Valentine, Tim and Darling, Stephen and Memon, Amina (2007) Do strict rules and moving images increase the reliability of sequential identification procedures?. Applied Cognitive Psychology, 21 (7). pp. 933-949. ISSN 0888-4080
Live identification procedures in England and Wales have been replaced by use of video, which provides a sequential presentation of facial images. Sequential presentation of photographs provides some protection to innocent suspects from mistaken identification when used with strict instructions designed to prevent relative judgements (Lindsay, Lea & Fulford, 1991). However, the current procedure in England and Wales is incompatible with these strict instructions. The reported research investigated whether strict instructions would enhance the reliability of identification from video. The effect of using moving rather than still video clips was also investigated. Participants witnessed a live staged incident, and attempted to identify the culprit later from police video lineups, which were run double-blind. Strict instructions produced a significantly lower rate of correct identifications in culprit present lineups, but did not significantly reduce the rate of mistaken identification in culprit absent lineups. Moving images yielded fewer mistaken identifications in culprit absent lineups.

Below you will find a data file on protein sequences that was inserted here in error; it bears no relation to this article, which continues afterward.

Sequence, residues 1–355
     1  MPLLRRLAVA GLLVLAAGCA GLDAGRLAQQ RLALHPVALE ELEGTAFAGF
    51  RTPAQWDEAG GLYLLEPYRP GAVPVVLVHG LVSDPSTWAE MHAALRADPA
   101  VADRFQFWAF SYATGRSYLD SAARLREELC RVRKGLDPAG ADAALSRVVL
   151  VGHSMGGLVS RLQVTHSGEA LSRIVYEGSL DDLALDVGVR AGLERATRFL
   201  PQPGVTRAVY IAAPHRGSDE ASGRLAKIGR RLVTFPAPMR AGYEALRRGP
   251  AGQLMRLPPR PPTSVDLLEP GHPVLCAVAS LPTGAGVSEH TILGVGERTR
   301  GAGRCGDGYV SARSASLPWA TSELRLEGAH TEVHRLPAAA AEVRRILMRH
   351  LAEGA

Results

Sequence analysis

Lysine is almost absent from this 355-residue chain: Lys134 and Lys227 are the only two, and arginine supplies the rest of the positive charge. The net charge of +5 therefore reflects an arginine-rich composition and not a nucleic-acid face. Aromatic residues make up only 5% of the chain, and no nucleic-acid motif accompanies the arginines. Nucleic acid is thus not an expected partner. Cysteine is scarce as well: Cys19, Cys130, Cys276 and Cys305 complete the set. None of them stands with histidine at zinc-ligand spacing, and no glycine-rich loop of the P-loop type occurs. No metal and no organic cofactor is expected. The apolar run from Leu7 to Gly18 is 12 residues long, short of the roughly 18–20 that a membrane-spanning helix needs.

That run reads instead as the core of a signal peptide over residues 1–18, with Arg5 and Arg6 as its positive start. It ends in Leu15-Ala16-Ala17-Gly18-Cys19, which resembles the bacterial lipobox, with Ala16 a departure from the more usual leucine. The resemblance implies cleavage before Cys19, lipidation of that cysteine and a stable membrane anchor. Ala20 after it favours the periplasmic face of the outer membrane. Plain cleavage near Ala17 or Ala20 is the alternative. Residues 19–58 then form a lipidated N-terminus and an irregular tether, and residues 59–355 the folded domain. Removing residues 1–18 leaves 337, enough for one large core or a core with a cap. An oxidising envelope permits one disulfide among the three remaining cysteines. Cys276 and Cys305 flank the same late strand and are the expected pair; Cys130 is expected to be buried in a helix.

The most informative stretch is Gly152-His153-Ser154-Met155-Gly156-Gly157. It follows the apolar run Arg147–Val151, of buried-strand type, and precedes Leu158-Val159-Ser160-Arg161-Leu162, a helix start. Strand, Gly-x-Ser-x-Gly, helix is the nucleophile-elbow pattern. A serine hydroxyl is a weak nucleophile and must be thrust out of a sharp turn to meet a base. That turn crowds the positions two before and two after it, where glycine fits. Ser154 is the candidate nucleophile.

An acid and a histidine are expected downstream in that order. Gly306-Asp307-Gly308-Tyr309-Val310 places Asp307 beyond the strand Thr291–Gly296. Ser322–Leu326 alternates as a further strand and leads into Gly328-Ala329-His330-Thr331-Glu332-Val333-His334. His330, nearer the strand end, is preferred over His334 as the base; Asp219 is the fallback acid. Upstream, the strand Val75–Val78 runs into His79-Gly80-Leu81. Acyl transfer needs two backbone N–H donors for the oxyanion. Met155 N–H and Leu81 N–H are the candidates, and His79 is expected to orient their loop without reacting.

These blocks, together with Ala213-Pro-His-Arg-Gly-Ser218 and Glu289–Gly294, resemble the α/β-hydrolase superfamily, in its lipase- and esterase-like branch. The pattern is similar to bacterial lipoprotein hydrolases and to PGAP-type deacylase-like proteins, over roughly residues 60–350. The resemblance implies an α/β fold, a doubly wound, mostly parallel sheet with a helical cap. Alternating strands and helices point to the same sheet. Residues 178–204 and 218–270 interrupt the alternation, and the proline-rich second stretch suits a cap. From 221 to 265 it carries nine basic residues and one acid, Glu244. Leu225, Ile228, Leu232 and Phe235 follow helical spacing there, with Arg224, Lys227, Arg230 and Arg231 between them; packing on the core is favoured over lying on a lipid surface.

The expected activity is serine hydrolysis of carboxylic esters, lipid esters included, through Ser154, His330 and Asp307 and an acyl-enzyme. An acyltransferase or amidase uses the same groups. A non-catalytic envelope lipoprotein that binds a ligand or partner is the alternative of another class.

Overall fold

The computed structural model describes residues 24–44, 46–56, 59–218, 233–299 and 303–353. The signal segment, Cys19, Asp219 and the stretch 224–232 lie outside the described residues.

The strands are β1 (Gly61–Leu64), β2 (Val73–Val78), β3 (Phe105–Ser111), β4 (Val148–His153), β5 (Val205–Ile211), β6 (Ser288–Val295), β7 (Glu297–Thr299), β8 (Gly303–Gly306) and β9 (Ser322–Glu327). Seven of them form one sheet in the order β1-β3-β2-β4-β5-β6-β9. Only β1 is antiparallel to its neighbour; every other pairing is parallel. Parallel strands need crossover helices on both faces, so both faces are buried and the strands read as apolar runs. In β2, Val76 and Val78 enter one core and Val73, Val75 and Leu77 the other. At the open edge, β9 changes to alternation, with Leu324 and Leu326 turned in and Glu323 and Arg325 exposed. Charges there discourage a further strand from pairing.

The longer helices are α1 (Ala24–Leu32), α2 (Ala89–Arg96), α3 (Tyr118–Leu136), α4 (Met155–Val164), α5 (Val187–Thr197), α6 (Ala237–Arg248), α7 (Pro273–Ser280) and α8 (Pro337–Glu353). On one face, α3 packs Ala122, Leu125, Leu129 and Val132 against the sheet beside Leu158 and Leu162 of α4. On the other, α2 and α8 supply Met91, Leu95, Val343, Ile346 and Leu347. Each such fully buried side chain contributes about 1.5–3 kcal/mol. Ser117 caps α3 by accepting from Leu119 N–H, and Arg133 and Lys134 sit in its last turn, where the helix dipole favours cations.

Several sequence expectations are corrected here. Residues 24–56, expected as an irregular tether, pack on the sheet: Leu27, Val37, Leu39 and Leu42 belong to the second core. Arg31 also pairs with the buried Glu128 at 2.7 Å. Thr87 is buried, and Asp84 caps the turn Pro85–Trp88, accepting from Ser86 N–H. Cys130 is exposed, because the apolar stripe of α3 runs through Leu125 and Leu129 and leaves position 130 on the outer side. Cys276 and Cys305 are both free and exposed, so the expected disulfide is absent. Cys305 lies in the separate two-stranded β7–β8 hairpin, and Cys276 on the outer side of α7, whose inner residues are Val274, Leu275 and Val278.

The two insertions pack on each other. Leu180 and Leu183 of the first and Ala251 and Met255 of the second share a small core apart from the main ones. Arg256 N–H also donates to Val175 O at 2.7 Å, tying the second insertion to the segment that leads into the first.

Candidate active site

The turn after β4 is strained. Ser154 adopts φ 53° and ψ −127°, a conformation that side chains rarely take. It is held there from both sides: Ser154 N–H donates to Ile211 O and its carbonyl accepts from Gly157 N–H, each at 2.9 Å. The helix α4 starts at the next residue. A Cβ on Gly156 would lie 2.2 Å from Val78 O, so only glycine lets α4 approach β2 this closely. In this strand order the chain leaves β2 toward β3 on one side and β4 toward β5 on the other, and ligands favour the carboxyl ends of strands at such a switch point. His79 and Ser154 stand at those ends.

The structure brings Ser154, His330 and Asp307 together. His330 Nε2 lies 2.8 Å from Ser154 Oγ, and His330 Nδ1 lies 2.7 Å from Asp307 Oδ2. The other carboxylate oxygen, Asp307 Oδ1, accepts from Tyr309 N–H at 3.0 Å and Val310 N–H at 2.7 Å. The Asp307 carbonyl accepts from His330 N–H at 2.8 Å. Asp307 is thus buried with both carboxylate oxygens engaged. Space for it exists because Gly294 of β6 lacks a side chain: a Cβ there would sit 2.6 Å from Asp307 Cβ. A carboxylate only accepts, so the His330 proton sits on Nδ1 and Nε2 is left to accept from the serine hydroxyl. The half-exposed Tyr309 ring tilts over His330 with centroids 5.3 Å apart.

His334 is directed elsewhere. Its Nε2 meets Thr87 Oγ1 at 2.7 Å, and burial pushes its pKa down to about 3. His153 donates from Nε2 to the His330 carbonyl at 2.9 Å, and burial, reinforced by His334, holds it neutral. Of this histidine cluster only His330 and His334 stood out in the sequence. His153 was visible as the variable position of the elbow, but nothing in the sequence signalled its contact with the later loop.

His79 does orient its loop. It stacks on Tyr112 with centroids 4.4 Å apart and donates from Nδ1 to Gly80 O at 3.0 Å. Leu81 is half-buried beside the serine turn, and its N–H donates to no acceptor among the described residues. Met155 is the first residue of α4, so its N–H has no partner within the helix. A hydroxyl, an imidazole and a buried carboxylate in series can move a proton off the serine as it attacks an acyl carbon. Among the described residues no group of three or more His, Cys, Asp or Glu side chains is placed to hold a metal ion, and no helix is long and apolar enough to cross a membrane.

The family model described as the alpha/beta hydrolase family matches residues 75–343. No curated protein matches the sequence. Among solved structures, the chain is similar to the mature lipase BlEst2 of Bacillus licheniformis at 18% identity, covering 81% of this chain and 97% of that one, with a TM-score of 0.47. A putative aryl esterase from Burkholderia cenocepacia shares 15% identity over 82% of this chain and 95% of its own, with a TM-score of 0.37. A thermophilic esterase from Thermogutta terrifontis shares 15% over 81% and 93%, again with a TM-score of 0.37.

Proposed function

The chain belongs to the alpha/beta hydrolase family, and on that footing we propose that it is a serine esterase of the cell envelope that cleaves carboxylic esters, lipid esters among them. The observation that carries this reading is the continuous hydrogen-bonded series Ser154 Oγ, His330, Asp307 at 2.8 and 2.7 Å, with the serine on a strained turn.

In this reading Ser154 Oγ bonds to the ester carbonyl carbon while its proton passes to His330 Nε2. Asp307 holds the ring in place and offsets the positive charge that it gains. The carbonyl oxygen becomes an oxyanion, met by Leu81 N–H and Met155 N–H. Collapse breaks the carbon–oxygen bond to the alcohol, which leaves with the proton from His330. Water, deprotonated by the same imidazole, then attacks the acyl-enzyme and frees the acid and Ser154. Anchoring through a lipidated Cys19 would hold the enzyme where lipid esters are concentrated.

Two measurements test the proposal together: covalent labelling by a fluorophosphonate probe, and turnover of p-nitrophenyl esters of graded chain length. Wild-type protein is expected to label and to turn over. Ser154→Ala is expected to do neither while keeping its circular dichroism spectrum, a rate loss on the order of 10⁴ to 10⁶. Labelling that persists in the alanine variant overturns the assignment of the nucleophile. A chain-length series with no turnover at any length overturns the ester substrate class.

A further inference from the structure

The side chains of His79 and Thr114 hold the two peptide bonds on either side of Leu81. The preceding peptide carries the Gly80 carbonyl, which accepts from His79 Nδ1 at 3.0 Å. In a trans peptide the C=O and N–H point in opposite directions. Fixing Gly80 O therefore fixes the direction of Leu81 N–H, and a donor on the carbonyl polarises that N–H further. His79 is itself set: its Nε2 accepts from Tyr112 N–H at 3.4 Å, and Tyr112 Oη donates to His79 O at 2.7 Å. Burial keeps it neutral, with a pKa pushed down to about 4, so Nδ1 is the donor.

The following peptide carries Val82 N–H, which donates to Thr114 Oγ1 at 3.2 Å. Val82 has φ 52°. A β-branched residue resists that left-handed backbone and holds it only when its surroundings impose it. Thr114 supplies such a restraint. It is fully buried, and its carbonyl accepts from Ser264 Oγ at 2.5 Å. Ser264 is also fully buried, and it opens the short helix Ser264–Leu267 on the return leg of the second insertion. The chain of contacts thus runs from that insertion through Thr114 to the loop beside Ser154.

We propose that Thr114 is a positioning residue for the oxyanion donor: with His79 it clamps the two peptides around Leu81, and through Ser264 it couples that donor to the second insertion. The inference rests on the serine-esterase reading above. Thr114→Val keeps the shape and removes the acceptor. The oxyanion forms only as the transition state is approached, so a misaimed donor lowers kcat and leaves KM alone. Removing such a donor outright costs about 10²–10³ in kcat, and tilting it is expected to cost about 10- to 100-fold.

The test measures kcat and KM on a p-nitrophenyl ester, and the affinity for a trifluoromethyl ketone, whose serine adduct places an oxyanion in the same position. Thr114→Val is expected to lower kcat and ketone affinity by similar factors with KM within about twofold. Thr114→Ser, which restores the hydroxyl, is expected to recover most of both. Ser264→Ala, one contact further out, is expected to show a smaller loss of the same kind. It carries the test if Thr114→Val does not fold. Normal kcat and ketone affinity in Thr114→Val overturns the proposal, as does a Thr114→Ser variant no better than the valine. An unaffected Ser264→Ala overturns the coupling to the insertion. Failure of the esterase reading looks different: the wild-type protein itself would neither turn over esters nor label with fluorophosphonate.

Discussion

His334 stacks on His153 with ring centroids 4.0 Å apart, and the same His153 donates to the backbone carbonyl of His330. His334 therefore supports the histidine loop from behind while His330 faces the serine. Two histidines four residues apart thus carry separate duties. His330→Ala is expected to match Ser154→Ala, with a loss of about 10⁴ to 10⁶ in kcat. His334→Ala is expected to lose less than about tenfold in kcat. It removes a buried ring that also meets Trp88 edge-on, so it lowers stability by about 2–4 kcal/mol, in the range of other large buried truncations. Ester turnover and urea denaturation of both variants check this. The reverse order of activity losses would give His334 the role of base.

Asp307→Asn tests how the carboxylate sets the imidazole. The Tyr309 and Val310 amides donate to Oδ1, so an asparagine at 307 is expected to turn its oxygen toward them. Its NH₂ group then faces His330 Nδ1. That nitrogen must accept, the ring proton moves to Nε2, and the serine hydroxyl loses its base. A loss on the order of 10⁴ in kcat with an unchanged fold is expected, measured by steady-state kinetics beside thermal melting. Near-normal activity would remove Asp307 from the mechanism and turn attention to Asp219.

|Divisions:||School of Arts, Social Sciences and Management > Psychology and Sociology|
|Date Deposited:||03 Dec 2009 11:28|
|Last Modified:||19 Mar 2014 12:56|
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